Stephanie Van Pelt is a single mom I met through Google+ (Seriously why aren’t you there yet? Connect with me!) who writes the blog Tech Savvy Butterfly. There she writes about technology, parenting, and how technology affects families for better or for worse. She also discusses these things on Google+ so if you’re new to the platform and interested in these topics, circling her is a must. This is her single parent story.
My journey to single parenthood was so exciting I decided to do it twice. I’m twice divorced with 2 sons, one from each marriage. The journey itself is full of bad decisions – my own and those of my exes. Low self esteem coming off of marriage #1 resulted in an even more disastrous second marriage. Let’s just say that no one was truly innocent in either of these matrimonies other than the children and move on.
This results in two very different single parent scenarios. My older son spends one week with me and then one week with his father. While we still bicker from time to time, we managed to keep our relationship cordial and later even friendly. I’m actually pretty happy about the fact that we’ve demonstrated to our son that even though we couldn’t live together as a couple, we have still been able to work together to raise our son.
My younger son hasn’t seen his father in more than three and a half years. At first this made me very, very angry. Now I’m grateful and to be honest, this is my preference. In his current state, ex #2 is not fit to be around children. He may never be. This leaves me as my second son’s sole parent, both more challenging and simpler in the same moment.
Who am I now? What is single parenting like for me today? It’s frustrating when my first ex doesn’t meet my expectations. But then again, that’s hard enough for married couples. While divorcing I think that’s the hardest thing to understand. Co-parenting is difficult in even the very best of relationships. We always have differences of opinions and those early angry days certainly compounded those differences. I have to remind myself that he also loves our son and is just doing things the best way he knows how….as am I.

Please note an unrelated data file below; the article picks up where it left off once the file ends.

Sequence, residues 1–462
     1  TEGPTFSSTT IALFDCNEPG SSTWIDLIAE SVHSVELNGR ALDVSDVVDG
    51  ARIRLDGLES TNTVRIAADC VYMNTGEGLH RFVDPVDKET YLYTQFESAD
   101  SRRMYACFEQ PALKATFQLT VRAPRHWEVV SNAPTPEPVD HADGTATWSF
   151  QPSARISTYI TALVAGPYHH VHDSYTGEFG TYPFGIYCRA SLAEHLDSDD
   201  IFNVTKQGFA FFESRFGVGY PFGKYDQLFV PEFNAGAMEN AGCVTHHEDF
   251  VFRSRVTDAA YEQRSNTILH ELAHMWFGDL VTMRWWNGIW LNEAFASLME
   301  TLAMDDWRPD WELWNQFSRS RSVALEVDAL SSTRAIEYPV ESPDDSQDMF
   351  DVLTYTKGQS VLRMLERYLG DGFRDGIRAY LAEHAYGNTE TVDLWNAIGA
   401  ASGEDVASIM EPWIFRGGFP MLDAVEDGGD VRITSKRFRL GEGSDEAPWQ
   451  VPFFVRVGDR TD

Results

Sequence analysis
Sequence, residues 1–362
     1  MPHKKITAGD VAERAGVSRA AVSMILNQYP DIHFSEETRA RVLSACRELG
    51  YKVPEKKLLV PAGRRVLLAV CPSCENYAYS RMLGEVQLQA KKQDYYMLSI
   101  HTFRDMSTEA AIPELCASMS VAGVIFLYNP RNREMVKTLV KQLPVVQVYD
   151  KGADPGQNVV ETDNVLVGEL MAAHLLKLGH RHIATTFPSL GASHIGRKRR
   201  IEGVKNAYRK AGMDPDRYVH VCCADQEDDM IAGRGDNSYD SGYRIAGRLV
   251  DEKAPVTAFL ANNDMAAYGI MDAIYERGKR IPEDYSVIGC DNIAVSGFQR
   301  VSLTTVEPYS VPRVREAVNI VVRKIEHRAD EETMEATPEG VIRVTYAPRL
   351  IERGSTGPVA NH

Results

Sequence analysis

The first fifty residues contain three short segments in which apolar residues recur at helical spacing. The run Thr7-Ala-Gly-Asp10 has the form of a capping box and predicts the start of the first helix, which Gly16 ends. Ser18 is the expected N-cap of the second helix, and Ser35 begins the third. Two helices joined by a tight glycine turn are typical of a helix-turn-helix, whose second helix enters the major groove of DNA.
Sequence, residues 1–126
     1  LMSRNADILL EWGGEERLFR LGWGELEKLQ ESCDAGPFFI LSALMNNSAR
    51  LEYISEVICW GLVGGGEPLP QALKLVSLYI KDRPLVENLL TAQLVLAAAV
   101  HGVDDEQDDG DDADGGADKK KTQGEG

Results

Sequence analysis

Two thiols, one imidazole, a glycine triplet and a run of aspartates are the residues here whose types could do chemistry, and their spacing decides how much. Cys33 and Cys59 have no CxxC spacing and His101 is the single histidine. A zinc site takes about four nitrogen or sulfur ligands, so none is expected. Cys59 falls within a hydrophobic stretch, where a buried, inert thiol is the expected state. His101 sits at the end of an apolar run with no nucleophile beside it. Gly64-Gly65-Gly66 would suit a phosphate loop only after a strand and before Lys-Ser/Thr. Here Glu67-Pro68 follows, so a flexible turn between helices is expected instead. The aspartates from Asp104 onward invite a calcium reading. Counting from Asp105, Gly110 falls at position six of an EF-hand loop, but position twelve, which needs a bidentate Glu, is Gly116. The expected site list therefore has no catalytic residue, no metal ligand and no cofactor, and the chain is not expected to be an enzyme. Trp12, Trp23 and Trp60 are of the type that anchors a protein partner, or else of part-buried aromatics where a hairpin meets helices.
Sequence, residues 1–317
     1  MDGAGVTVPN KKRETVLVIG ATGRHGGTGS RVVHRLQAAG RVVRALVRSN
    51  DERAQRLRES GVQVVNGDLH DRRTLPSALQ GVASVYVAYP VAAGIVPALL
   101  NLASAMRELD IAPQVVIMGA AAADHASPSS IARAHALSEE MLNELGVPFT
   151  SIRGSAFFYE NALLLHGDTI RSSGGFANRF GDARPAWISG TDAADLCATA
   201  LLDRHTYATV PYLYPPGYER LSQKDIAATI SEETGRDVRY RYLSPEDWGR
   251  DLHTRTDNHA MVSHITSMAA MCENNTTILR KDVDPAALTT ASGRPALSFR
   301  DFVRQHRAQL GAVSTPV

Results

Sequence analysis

By contrast, I don’t have to consult anyone when making decisions about my younger son. I also don’t have anyone else to help with the responsibility of raising him. That fact alone can be very wearying. Knowing that there’s no one else to tap out to – no one to call and say “Your son did XYZ!” I fear my younger son will not have appropriate role models or take on the absences of his father as his fault.
Through it all I’ve learned so much about myself, what I’m capable of achieving and I’ve grown into a better person. The key things I’ve learned:
- Develop a strong support system. It’s pretty much impossible to parent well completely solo. Develop a team of people to help you and don’t be afraid to ask for help. Meaningful relationships with your family, your ex’s family, other single parents and other whole families matter. When you have a sick child, there’s someone to lend a hand. When you have a win, there’s someone to celebrate it with. You don’t need a spouse/partner but you do need that village. And it provides you with a little welcome relief and sanity.
- You will be amazed at how strong you really are. I had no idea I was such a strong woman until I became a single mom. At the end of the day, the responsibility of my boys rests solely on my shoulders. You know what? I got through it – I even managed to do it a bit gracefully. You’ll be surprised at how much you can accomplish when push comes to shove and it’s your children at stake.
- I have three main responsibilities in life and only time to do two of them well. Family, work and home. The house can wait. I’d rather read bed-time stories to my kids. Work gives me something of my own, outside of my identity as Mom and provides me with the income to support my boys. The boys are the light of my life. I can have a clean house when they’re not there anymore. We have too much fun being messy right now.
If you enjoyed this story as much as I did, I hope you’ll read past contributions to this series. Single parents can, and do, create loving and healthy environments to raise wonderful, happy, and loved children in. Here’s more proof: